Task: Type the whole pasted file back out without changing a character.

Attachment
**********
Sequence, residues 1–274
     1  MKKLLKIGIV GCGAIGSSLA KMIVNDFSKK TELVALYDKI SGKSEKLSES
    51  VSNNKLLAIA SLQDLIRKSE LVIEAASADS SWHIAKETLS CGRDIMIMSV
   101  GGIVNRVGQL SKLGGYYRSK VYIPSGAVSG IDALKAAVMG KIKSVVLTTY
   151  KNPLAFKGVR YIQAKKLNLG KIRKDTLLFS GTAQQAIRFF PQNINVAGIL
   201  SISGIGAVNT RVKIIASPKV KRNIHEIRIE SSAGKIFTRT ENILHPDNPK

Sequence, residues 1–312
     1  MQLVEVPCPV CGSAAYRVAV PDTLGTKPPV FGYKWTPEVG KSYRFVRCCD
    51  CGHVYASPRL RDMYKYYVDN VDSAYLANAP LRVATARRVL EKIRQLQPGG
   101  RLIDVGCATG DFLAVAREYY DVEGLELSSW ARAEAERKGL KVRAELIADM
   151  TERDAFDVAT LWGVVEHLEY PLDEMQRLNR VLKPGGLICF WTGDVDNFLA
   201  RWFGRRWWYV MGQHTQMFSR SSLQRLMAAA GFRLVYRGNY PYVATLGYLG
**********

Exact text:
Sequence, residues 1–274
     1  MKKLLKIGIV GCGAIGSSLA KMIVNDFSKK TELVALYDKI SGKSEKLSES
    51  VSNNKLLAIA SLQDLIRKSE LVIEAASADS SWHIAKETLS CGRDIMIMSV
   101  GGIVNRVGQL SKLGGYYRSK VYIPSGAVSG IDALKAAVMG KIKSVVLTTY
   151  KNPLAFKGVR YIQAKKLNLG KIRKDTLLFS GTAQQAIRFF PQNINVAGIL
   201  SISGIGAVNT RVKIIASPKV KRNIHEIRIE SSAGKIFTRT ENILHPDNPK

Sequence, residues 1–312
     1  MQLVEVPCPV CGSAAYRVAV PDTLGTKPPV FGYKWTPEVG KSYRFVRCCD
    51  CGHVYASPRL RDMYKYYVDN VDSAYLANAP LRVATARRVL EKIRQLQPGG
   101  RLIDVGCATG DFLAVAREYY DVEGLELSSW ARAEAERKGL KVRAELIADM
   151  TERDAFDVAT LWGVVEHLEY PLDEMQRLNR VLKPGGLICF WTGDVDNFLA
   201  RWFGRRWWYV MGQHTQMFSR SSLQRLMAAA GFRLVYRGNY PYVATLGYLG